TODAY'S PAPER
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OpinionEditorial

Creative reuse of water can preserve Long Island's supply

Nassau County Executives and SUEZ North America executives

Nassau County Executives and SUEZ North America executives unveil new technology that will save up to 300 million gallons of water annually at the Cedar Creek Water Reclamation Facility in Wantagh. Credit: Newsday/Morgan Campbell

Keeping Long Island’s drinking water clean is one challenge. Having enough water is another.

As concerns mount about the adequacy of future supplies, the operator of Nassau County’s sewer system deserves praise for a new program expected to save up to 300 million gallons of groundwater per year. Suez North America plans to reuse wastewater treated by the Cedar Creek plant to cool its generators, wash its equipment and irrigate its lawns. Wastewater currently is dumped in the ocean. Annual operations savingsof $350,000 will quickly pay for the $1.1 million project.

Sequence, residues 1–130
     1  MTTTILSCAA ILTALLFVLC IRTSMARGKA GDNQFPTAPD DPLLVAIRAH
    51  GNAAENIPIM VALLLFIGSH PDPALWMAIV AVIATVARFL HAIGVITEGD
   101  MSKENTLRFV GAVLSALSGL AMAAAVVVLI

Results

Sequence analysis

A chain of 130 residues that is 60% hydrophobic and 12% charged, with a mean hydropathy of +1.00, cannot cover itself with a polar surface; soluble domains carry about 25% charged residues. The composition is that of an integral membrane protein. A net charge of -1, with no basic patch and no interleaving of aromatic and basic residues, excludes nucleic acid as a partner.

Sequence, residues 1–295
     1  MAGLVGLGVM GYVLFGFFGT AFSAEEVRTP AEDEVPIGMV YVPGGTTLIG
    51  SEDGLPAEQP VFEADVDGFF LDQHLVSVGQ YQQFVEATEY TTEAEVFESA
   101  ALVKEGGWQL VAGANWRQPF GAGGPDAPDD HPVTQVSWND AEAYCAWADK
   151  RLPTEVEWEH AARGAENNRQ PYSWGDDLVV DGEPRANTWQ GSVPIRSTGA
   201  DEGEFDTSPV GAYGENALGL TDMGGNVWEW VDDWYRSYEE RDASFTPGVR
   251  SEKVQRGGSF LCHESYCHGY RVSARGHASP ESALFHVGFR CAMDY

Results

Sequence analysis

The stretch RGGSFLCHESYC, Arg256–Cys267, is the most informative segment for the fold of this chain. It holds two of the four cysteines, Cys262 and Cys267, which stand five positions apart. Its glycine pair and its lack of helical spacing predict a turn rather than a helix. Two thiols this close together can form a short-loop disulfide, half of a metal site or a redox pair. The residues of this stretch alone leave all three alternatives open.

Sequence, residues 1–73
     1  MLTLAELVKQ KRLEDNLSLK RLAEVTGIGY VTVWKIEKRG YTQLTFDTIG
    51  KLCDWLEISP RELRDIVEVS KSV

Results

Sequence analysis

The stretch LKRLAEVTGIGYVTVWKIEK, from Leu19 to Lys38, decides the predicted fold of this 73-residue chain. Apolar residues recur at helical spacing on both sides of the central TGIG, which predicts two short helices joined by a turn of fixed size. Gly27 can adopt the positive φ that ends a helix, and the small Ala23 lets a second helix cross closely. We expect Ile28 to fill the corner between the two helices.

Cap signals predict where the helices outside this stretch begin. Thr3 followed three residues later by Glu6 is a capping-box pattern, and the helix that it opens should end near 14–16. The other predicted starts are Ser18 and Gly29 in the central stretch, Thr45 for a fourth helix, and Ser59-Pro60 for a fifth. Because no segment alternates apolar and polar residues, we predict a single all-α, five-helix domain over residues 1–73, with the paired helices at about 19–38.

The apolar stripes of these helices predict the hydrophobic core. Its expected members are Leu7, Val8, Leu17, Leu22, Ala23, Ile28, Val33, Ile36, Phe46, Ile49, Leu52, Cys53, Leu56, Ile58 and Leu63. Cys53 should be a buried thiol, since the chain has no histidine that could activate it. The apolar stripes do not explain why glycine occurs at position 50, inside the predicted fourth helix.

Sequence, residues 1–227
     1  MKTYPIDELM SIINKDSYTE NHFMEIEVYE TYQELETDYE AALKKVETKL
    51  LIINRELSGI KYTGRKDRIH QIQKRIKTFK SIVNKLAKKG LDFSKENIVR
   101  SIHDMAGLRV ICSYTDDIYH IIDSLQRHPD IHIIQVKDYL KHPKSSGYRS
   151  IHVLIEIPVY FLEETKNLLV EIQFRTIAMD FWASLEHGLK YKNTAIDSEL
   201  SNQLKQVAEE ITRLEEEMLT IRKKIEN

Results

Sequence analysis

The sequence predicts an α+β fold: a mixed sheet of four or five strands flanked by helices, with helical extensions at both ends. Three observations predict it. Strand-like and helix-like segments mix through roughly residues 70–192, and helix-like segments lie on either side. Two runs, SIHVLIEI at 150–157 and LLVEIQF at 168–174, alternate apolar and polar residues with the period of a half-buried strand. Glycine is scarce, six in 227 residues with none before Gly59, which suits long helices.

If it the works, Suez also should install it at the Bay Park sewer plant, Suffolk should consider it for its Bergen Point facility, and smaller plants could use it, too. It’s an innovation on par with the use of treated effluent from Riverhead’s plant to irrigate the adjacent county-owned golf course.

Right now, the U.S. Geological Survey is studying the adequacy of groundwater supplies, and saltwater intrusion already is an issue on parts of the North and South shores and on the East End. Reusing water is only going to become more important. Anything that helps Long Island achieve that goal is worth pursuing. — The editorial board

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